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Kurek v. Kavanagh





APPEAL from the Circuit Court of Peoria County; the Hon. EDWARD E. HAUGENS, Judge, presiding.


This is an appeal from an order of the Circuit Court of Peoria County granting the defendants' motions to dismiss complaints for malicious prosecution and abuse of process filed by each of the plaintiffs. The litigation, of which this appeal is a part, began in January 1974 when Pleasure Driveway and Park District of Peoria (defendants herein) filed a forcible entry and detainer suit against the five former golf course manager/pro-greenskeepers, William Kurek, Walter Durdle, Robert Togikawa, Edwin Jones and Richard Hoadley (plaintiffs herein). That original suit was the result of unsuccessful concession agreement negotiations between the Peoria Park District and the five former golf course manager/pro-greenskeepers. (Pleasure Driveway & Park District v. Kurek (1975), 27 Ill. App.3d 60, 325 N.E.2d 650.) This court ordered that a writ of restitution issue for execution in favor of the Peoria Park District (hereinafter called Park District) and against the defendants, Kurek, Durdle, Togikawa, Jones and Hoadley (hereinafter called golf pros) for the possession of the golf concession shops situated at five Park District golf courses in Peoria, Illinois.

Then, on July 25, 1975, the Park District filed suit for wrongful holdover against the golf pros. Summary judgment on the issue of liability was granted in favor of the Park District. A bench trial was held on the issue of damages. On November 14, 1975, the trial court gave judgment to the Park District in the amount of $127,605 plus costs. Notice had been given to counsel for the golf pros that judgment would be entered on that day, but he failed to appear. Collection proceedings were begun on the same day that the judgment was entered and the bank accounts of the golf pros were garnished.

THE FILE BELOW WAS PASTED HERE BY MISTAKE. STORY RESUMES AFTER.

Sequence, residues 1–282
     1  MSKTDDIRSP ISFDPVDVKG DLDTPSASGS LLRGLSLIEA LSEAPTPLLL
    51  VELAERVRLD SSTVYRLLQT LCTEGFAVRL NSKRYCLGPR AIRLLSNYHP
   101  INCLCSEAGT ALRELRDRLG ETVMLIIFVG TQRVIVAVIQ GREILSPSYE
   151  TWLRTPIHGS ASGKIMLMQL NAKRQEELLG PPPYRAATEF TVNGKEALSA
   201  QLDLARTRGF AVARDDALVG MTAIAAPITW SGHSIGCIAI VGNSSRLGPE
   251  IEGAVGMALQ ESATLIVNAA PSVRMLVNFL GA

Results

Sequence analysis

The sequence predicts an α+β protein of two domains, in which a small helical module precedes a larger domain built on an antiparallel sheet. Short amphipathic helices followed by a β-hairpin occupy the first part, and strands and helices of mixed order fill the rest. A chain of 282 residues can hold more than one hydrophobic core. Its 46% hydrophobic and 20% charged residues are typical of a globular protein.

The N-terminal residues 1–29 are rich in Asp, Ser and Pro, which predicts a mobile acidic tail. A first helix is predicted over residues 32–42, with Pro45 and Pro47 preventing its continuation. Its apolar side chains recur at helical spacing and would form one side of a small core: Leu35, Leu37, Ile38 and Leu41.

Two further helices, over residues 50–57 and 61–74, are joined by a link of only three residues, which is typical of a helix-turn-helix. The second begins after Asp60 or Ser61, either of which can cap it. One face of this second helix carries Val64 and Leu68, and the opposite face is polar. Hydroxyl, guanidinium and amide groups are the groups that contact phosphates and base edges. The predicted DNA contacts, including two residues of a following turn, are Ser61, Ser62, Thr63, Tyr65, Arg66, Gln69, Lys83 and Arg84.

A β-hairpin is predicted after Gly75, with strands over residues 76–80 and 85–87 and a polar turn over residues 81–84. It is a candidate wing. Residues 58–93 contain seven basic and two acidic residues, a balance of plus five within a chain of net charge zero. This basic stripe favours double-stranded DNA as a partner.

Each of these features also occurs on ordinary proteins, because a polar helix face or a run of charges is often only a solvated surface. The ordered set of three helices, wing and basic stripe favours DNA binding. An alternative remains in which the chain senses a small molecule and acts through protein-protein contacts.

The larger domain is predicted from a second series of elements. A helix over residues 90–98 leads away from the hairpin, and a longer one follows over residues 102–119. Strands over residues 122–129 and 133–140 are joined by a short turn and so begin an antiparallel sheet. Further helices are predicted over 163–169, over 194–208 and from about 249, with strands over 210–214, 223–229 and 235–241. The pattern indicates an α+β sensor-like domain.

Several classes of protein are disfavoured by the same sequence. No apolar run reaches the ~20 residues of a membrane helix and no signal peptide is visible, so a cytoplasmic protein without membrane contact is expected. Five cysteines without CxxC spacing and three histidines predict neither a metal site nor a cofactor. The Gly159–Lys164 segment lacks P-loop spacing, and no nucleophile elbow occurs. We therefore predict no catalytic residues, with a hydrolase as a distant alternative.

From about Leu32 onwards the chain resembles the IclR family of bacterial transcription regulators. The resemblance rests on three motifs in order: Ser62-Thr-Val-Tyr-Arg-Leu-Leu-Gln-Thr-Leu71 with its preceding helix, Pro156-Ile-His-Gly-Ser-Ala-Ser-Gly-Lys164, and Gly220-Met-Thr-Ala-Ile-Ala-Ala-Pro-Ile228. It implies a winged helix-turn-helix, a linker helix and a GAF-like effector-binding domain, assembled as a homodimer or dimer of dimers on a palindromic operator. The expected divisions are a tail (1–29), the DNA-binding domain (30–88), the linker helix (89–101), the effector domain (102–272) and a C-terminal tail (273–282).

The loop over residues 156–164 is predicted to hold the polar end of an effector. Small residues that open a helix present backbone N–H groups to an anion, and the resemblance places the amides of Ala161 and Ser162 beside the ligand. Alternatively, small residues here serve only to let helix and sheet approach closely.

The golf pros asked that the garnishments and writs of execution be quashed because the collection remedies were premature since collection was begun less than 30 days after judgment was rendered. This motion was denied. Citations to discover assets were issued with a hearing date set for November 26, 1975. Defendant Hoadley answered the citation questions; the other four did not and were held in contempt. On November 21, 1976, William Kurek filed a post-trial motion. On December 10, 1976, post-trial motions were filed on behalf of the other four golf pros. The motions were denied on December 12, 1976.

Defendant Hoadley appealed without supersedeas. On January 8, 1976, supersedeas was approved for Kurek, Durdle, Togikawa, and Jones. On January 12, 1976, the four were purged of contempt and the writs of execution, citation proceedings, and garnishments were quashed or dismissed as to them, but not as to Hoadley. This court sustained the validity of the judgments obtained by the Park District and against the golf pros in the case of Pleasure Driveway & Park District v. Jones (1977), 51 Ill. App.3d 182.